About 300 tons of contaminated water leak into sea per day from Fukushima
A Japanese government official said an estimated 300 tonnes of contaminated water is leaking into the ocean per day from the crippled Fukushima nuclear plant, after Prime Minister Shinzo Abe pledged on Wednesday to step up government efforts to stem radioactive water leakage.
Abe ordered the Minister of Economy, Trade and Industry to urgently deal with the water situation and ensure the plant's operator, Tokyo Electric Power Co, takes appropriate action to deal with the cleanup, which is expected to take more than 40 years and cost $11 billion.
The ministry official also said the government plans to reduce the leakage amount to 60 tons per day by as early as December.
Tokyo Electric Power Company (Tepco) is failing to prevent radioactive water leakage from the Fukushima power plant into the Pacific Ocean, according to Shinji Kinjo, head of a Nuclear Regulatory Authority. As reported, 400 tons of groundwater seeps into the plant’s basement on daily basis where it mixes with water, used to cool down the reactor, before escaping into the coastal waters.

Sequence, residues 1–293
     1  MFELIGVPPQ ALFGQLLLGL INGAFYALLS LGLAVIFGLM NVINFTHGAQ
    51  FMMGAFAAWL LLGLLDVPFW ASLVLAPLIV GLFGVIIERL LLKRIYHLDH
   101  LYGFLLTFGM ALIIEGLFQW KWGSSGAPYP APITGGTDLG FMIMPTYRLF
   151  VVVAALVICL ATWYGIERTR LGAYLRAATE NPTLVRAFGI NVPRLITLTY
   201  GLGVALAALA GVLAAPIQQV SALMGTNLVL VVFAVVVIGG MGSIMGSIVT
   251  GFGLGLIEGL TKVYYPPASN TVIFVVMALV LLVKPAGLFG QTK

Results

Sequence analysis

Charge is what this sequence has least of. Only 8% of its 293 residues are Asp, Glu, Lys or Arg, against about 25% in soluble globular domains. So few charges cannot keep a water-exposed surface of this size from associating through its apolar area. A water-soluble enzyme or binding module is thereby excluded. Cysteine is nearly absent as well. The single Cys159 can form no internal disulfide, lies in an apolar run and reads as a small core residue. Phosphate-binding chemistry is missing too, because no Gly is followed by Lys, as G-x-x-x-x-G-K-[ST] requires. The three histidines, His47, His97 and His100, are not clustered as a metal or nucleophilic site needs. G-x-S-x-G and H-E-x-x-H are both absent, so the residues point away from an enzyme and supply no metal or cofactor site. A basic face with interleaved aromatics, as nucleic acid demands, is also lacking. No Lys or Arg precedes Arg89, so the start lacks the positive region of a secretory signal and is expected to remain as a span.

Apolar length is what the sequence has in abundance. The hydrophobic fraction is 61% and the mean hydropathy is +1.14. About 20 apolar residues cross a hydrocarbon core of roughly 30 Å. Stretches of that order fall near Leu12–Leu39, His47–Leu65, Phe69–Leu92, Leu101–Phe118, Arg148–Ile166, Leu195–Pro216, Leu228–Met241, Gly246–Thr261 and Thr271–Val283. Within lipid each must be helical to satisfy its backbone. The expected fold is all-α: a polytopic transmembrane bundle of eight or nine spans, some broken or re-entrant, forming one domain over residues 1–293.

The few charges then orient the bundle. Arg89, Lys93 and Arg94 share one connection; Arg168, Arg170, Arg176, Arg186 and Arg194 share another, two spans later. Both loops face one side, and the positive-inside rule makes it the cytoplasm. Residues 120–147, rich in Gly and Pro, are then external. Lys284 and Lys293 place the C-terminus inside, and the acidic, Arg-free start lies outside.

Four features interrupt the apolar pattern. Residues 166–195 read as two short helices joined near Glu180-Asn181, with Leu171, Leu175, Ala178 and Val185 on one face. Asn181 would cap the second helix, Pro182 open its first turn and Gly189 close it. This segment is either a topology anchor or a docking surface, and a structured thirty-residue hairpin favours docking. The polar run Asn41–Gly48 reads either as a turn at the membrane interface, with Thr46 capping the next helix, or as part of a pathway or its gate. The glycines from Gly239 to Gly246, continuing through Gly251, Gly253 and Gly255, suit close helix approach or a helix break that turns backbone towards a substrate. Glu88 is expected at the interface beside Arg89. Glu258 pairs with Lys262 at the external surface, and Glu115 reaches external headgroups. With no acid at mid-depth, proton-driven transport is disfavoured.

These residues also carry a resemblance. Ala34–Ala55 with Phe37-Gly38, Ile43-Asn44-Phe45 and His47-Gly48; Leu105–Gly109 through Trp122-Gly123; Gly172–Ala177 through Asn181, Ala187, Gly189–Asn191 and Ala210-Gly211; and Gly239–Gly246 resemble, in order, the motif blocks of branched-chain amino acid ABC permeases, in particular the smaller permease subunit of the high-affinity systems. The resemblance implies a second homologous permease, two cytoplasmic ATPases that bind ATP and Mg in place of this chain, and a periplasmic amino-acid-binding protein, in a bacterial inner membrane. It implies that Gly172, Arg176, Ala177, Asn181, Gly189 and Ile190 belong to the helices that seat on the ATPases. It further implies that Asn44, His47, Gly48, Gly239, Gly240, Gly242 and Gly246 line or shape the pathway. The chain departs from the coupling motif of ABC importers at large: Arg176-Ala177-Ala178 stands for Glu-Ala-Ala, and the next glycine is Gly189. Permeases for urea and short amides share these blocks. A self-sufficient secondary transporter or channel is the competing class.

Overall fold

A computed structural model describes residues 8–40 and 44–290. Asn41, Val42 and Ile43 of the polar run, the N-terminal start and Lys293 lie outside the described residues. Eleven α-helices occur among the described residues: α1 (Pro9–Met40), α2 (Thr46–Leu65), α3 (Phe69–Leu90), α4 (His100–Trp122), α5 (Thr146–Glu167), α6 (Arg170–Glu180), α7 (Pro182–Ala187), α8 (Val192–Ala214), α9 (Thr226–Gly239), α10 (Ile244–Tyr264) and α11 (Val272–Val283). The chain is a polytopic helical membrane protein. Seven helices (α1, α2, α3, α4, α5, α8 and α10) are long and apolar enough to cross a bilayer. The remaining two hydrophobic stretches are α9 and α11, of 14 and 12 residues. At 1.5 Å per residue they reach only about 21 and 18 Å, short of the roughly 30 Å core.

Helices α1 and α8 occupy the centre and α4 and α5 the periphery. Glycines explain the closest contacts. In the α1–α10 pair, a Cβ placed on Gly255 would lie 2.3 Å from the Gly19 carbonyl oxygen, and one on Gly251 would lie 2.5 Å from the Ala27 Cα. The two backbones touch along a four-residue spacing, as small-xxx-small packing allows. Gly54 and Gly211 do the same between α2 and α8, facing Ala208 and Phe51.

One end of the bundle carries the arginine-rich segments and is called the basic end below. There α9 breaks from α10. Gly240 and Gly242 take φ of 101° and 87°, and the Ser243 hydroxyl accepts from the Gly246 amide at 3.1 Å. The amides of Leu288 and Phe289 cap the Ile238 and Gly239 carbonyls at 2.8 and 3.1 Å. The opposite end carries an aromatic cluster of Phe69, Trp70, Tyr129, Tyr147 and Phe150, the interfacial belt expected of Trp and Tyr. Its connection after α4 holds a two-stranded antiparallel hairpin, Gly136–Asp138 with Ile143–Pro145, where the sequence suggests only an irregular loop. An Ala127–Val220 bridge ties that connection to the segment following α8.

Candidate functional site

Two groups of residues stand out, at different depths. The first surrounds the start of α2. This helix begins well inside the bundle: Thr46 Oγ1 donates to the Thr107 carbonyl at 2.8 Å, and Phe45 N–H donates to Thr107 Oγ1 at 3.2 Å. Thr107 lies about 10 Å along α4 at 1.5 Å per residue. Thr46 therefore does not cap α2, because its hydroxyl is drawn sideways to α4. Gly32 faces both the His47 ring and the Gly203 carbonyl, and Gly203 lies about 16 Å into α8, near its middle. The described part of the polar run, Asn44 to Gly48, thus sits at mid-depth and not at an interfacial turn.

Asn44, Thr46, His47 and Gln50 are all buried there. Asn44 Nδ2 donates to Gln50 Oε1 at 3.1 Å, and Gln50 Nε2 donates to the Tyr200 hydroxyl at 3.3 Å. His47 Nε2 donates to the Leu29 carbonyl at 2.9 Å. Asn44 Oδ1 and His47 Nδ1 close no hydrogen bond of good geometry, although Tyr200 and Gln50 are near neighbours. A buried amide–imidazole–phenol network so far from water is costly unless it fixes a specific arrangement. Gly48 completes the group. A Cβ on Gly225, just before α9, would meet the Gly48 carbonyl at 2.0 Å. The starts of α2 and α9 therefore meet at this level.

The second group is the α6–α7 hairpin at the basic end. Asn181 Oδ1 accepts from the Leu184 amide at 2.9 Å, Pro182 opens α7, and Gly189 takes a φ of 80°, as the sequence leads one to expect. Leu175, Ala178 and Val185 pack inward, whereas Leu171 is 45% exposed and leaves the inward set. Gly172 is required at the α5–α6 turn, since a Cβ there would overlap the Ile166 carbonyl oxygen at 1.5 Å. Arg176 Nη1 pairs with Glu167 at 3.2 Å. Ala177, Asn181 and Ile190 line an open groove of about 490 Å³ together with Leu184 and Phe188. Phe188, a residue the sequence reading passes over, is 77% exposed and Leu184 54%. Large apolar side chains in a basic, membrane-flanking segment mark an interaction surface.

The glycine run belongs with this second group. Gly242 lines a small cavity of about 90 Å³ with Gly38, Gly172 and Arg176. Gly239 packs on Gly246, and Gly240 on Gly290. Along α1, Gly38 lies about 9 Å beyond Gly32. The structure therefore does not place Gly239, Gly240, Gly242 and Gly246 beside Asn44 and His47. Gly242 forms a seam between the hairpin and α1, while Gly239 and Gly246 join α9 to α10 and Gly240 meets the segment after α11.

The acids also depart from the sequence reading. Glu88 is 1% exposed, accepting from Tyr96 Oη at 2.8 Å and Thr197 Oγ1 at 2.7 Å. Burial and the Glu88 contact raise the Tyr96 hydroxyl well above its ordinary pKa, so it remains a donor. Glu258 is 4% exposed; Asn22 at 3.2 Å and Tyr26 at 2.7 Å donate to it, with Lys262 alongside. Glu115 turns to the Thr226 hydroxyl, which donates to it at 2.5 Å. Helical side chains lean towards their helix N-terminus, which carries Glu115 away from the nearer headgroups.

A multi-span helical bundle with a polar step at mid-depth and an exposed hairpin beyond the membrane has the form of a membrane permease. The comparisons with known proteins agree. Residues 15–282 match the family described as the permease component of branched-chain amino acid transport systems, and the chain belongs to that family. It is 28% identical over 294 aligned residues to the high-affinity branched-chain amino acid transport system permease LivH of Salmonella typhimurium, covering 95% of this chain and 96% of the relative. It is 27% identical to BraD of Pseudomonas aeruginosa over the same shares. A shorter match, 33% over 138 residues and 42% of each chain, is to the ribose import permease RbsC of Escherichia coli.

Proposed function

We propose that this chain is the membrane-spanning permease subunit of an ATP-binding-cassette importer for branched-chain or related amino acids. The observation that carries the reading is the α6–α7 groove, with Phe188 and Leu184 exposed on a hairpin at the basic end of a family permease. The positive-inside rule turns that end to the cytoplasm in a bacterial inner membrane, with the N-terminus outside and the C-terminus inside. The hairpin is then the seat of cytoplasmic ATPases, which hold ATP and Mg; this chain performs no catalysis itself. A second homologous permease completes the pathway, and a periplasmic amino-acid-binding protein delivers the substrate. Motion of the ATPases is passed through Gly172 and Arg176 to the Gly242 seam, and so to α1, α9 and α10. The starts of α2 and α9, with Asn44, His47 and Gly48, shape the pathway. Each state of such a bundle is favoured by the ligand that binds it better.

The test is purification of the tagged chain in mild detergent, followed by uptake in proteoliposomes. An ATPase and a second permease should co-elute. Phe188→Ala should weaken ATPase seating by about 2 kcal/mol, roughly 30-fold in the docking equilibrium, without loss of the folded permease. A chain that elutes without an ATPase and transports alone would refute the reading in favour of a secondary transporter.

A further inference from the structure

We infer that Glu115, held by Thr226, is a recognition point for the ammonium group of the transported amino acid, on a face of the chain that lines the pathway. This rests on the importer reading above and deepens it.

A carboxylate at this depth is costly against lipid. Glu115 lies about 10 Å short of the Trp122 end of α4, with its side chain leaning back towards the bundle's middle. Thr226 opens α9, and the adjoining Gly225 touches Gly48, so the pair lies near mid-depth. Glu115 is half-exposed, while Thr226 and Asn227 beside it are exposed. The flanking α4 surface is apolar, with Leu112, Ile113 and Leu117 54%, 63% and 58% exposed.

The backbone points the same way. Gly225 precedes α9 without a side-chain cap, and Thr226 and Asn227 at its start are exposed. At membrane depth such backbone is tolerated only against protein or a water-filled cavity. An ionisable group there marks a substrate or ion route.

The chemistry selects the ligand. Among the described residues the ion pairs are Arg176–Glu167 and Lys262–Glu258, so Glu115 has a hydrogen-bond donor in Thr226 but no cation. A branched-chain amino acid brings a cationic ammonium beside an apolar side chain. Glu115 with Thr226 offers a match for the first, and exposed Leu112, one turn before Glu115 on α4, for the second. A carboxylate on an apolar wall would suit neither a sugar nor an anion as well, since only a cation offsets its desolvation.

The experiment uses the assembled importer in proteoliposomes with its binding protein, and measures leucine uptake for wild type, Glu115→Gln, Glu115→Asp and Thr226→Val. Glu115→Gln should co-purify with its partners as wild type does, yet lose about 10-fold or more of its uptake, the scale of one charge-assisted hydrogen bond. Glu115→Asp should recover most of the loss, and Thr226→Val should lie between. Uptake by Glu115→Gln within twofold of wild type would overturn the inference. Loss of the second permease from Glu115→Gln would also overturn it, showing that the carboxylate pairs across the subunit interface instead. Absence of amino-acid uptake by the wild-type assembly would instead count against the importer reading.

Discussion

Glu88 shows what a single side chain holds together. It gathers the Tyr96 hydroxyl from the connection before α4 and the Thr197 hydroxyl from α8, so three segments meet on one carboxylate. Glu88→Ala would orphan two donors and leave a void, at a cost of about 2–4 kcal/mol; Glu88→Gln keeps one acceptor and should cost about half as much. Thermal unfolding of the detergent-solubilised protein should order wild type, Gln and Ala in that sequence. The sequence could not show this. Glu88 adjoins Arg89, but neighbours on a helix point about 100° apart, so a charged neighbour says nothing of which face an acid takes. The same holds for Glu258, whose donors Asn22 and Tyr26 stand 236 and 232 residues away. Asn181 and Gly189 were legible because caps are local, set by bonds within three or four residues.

The company previously stated it had successfully stored all the excess water in special tanks, but last month admitted that there is some leakage. Tepco has already fortified the earth around the plant and created an impenetrable barrier on the side of the plant adjacent to the Pacific Ocean, but the shell works only 1.8 meters below the ground and further down, and once it reaches the surface, it could start to flow quite quickly into the water.
According to the Asahi newspaper, the contaminated water could rise to the surface within three weeks and the only course of action right now is to pump water out. However, a new problem arises: where to store all this water when more than 1,000 giant holding tanks surrounding the plant are nearly all full?
Tepco stated on Monday that it plans to start pumping out a further 100 tons of groundwater a day.